As a part of Designmodo’s Free User Interface toolkit, they created a tool to help you uncover colors to use in your design process. Although these colors aren’t necessarily part of premade schemes, they are really great for showing you bright, vibrant colors used for user interface design. You can easily browse through their color lists and create your own color schemes using the color picker.


5) Adobe Color CC

A classic tool for designers using Adobe products, Adobe Color CC allows you to create your own color schemes using the mathematical model-based color schemes (monochromatic, analogous, triadic, complementary, etc.). Adobe Color CC also has a great browser section you can use to find premade color schemes.

What If You Still Can't Find What You Need?

What if you decide you’re really looking for a color scheme that isn’t already out there? What do you do?

Creating a color scheme for data visualizations from scratch can be especially difficult because the colors you use have to either show vast contrast or natural progressions.

A great way to find inspiration for these types of color schemes is to draw on your surroundings. This could be a colorful photo, a mural, a sunset, or anything in nature --- you name it. If you look around to find color schemes that appeal to you in your physical surroundings, you can use this to create a color scheme for the virtual.

If you have a good eye, you may even be able to create a color scheme this way by trial and error. However, it's more likely that you’ll need to use a tool like Adobe Capture CC or Chroma by Softpress to snap a picture and grab the colors from the picture to use in your designs.


When creating data visualizations, the most important part of choosing the right color scheme comes down to understanding your data.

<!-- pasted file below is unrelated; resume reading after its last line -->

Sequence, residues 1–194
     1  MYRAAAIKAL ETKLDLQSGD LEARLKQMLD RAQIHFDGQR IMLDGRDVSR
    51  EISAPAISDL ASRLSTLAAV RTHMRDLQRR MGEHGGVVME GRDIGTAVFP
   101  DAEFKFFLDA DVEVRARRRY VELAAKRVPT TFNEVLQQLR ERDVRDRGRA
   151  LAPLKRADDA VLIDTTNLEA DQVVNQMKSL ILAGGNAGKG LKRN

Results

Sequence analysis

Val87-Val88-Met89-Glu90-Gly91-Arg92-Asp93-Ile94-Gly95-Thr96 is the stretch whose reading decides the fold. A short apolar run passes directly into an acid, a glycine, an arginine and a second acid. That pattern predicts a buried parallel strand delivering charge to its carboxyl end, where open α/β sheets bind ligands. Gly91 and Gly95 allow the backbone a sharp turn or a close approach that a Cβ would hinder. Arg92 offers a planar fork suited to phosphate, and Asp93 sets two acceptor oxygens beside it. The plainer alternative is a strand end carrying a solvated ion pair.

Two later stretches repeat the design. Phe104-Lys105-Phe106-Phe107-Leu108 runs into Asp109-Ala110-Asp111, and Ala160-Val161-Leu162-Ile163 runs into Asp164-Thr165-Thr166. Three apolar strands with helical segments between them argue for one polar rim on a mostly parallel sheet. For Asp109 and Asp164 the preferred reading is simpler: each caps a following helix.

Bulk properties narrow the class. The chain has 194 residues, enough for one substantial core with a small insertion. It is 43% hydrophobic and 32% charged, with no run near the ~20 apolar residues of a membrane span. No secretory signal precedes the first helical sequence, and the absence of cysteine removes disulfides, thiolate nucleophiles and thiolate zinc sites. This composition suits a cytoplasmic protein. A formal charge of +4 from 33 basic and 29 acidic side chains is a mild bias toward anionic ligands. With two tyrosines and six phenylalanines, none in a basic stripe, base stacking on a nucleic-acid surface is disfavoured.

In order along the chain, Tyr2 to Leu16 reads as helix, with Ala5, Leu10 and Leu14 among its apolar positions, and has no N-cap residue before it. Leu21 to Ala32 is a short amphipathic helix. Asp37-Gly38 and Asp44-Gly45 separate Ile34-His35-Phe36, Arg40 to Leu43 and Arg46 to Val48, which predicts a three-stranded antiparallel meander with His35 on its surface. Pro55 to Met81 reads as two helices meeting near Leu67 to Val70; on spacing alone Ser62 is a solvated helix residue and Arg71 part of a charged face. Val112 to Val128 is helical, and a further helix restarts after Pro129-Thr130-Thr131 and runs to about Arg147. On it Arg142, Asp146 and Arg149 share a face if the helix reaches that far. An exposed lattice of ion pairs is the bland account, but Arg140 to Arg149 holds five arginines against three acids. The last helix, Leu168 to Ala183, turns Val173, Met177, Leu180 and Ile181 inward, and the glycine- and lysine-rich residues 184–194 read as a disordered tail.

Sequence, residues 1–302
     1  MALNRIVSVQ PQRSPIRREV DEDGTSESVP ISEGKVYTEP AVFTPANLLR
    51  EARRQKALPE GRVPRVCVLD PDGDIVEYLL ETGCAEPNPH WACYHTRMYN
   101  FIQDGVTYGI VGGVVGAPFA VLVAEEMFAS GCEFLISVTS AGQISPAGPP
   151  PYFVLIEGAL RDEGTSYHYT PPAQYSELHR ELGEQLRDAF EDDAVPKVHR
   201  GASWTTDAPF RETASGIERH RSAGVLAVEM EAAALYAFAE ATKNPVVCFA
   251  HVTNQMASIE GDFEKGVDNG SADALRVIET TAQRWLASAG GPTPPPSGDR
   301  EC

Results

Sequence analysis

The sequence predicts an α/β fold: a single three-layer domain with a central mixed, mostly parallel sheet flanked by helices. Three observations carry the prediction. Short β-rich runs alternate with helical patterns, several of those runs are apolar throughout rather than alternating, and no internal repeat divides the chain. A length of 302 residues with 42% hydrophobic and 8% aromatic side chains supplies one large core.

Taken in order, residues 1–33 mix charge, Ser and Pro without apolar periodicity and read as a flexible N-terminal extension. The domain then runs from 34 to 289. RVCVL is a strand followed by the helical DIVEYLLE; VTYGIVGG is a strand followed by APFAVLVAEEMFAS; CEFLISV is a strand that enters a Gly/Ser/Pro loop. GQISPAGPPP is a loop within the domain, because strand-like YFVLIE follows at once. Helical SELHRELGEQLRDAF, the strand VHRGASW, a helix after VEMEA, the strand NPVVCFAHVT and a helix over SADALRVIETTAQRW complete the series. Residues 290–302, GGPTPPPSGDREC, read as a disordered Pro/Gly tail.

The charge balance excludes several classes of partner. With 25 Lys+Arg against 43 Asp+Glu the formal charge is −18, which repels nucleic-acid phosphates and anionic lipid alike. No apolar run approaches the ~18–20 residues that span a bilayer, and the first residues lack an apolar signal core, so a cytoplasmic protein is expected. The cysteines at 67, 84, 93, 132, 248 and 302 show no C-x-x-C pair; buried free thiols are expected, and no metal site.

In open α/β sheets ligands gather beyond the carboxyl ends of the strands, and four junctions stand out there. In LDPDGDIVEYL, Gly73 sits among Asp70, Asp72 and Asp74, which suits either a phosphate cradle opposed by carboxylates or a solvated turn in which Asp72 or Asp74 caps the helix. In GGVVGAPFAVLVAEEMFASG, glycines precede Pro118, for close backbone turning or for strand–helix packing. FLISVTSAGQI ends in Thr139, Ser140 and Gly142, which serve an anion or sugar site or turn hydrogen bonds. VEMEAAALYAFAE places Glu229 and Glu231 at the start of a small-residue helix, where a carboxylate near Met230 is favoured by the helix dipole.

With so many different tools and premade color schemes out there, the hardest part isn’t actually finding the right colors; it’s knowing how to use those colors to display the information in the best way possible.

Now that you know how to find your color schemes, go put your newfound knowledge to work.

How do you choose color schemes for your data visualizations? Share your tips below.

free guide to data visualization

Do You Have a Clutter Problem? [Flowchart]


Have you ever looked around you -- at your desk, your room, your car, your garage -- and realized that the clutter has gotten out of control?

Don't worry, we all have those moments.

Everyone has a unique relationship with their "stuff." I, for example, have a drawer full of youth soccer jerseys I just can't seem to part with. (I swear I'm going to make a T-shirt quilt out of them someday!) For a friend of mine, it's mugs. She has like six of them on her desk at work. Who needs six mugs?

And yet, I know plenty of people who are really good at "spring cleaning" -- i.e., clearing out their unnecessary stuff in spontaneous purges. Sometimes, I wish I were brave enough to set them loose on my stuff to see what I could get rid of if I wasn't so darn sentimental.

That makes me what the folks at QuickQuid call a "sentimental clutterer." There are a few other types, including the folks who binge shop (who can resist a good sale?), those whose living spaces are filled with books, papers, and schoolwork, and so on.

What type of "clutterer" are you, and how is it affecting your life and work? If you’ve ever wondered where you might fall on the spectrum, take the flowchart quiz below from QuickQuid. It'll help you identify your relationship with your stuff, and give you some quick tips for how to live a more balanced lifestyle.


free productivity tips

6 Important Questions to Ask Before Your Agency Grows


Many agency leaders think the path to success is through growth. Grow bigger, grow faster, and don't look back. 

But do they have the right business practices in place to actually achieve this? And are they prepared for the inevitable changes that occur as a company gets larger?